Best-Seller List Top 25 books
1. WHAT ON EARTH AM I HERE FOR?
Rick Warren (Zondervan)
2. FAME Karen Kingsbury
3. THE REVELATION
Beverly Lewis (Bethany House)
John and Stasi Eldredge (Nelson Books)
5. THE FIVE LOVE LANGUAGES
Gary Chapman (Northfield)
6. YOUR BEST LIFE NOW
Joel Osteen (Warner Faith)
7. THE PURPOSE-DRIVEN LIFE
Rick Warren (Zondervan)
8. GOOD GRIEF
Granger E. Westberg (Augsburg Books)
9. THE BIBLE PROMISE BOOK, NIV
10. WILD AT HEART
John Eldredge (Nelson Books)
11. STANDARD LESSON COMMENTARY-KJV
12. LOVE & RESPECT
Emerson Eggerichs (Integrity)
13. FOR WOMEN ONLY
Shaunti Feldhahn (Multnomah)
14. HAVING A MARY HEART IN A MARTHA WORLD
Joanna Weaver (WaterBrook)
15. BLUE LIKE JAZZ
Donald Miller (Nelson Books)
16. YOU HAVE WHAT IT TAKES
John Eldredge (Nelson Books)
17. EVERY YOUNG WOMAN'S BATTLE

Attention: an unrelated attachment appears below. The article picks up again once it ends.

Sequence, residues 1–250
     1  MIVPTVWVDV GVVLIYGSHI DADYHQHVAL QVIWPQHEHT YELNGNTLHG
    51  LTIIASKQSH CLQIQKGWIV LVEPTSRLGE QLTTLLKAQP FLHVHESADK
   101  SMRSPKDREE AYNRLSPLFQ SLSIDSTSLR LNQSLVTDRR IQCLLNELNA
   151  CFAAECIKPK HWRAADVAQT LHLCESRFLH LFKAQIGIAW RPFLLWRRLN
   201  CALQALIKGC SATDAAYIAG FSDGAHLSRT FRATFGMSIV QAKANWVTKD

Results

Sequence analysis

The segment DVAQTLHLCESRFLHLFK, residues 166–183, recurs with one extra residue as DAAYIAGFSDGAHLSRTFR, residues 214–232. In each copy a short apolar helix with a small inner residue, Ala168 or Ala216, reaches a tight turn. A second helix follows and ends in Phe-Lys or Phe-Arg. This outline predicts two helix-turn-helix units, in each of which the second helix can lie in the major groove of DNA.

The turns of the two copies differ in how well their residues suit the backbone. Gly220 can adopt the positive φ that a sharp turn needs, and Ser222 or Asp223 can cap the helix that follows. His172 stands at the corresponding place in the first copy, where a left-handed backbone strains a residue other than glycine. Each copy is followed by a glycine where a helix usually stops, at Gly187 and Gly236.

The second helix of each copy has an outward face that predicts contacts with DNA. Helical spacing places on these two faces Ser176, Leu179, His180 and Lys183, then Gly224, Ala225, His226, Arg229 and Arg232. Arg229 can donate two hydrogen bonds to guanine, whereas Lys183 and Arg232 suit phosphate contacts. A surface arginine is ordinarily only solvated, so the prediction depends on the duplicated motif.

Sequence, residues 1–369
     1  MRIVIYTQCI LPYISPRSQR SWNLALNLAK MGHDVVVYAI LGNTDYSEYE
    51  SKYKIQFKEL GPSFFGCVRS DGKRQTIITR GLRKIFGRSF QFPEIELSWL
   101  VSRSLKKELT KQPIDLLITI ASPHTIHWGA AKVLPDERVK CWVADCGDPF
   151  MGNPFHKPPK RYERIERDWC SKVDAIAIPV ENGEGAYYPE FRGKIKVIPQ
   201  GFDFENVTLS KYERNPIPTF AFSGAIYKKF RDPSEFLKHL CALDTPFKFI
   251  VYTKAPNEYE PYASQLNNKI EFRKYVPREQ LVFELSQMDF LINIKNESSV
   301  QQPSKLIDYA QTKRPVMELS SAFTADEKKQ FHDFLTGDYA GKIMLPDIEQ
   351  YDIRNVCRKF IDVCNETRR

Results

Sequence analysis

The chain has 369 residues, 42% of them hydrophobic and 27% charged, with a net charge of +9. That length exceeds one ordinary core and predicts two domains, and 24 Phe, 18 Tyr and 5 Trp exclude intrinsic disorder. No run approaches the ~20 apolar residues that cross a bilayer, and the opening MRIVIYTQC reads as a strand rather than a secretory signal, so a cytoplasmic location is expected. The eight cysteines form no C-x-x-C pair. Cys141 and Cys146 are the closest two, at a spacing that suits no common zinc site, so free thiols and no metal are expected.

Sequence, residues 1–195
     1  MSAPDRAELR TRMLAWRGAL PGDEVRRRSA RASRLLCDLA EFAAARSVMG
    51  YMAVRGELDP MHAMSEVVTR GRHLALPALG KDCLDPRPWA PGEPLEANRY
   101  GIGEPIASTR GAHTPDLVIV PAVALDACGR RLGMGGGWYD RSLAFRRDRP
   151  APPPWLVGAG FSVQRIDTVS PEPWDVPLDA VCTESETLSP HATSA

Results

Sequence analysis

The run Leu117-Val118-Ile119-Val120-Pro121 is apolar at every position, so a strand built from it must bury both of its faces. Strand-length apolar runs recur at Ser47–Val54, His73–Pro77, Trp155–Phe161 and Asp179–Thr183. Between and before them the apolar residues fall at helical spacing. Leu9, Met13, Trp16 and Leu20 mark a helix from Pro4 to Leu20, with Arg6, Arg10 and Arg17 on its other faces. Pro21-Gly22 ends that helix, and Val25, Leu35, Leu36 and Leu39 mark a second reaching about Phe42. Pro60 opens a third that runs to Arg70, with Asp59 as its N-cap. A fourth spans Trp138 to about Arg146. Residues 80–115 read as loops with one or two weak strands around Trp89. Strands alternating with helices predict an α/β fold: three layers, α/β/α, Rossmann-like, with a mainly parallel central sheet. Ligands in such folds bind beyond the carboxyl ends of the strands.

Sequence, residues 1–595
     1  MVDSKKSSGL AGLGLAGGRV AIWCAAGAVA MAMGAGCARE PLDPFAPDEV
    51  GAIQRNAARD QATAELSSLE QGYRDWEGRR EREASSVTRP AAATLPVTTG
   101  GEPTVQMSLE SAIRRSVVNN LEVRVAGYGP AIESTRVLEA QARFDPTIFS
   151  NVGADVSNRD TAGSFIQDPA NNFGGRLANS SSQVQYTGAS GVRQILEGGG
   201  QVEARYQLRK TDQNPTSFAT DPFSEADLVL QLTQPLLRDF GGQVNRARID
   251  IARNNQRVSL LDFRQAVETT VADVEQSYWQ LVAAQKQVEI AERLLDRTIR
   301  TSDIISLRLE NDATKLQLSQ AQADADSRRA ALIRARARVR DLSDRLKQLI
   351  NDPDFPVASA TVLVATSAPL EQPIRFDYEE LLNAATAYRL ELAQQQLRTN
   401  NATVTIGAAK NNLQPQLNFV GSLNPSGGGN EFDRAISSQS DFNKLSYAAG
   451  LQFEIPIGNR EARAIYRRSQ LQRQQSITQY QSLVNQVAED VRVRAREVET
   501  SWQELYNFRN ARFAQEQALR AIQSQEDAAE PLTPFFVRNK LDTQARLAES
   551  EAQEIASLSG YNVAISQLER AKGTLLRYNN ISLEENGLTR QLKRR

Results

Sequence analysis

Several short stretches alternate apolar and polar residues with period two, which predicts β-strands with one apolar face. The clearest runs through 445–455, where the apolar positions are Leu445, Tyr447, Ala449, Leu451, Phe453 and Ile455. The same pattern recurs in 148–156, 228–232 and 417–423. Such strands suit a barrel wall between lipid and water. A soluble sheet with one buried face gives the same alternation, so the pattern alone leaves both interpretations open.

Shannon Ethridge, Stephen Arterburn (WaterBrook)
18. THE PURPOSE-DRIVEN LIVE GRADUATE
Rick Warren (Inspirio)
19. BATTLEFIELD OF THE MIND
Joyce Meyer (Warner Faith)
20. THE POWER OF A PRAYING WIFE
Stormie Omartian (Harvest House)
21. EVERY MAN’S BATTLE
Stephen Arterburn, Fred Stoeker (WaterBrook)
22. THE MAKER'S DIET (softcover)
Jordan S. Rubin (Siloam)
23. THE TREASURE PRINCIPLE
Randy Alcorn (Multnomah)
Randy Alcorn (Tyndale House)
25. MERE CHRISTIANITY
C.S. Lewis (Zondervan)
Compiled from The Top 100 Books list in the August 8, 2005, issue of Christian Retailing magazine. List based on distributor sales for English-language books in the United States and Canada for June 1-15, 2005. Copyright © 2005 Strang Communications. All rights reserved.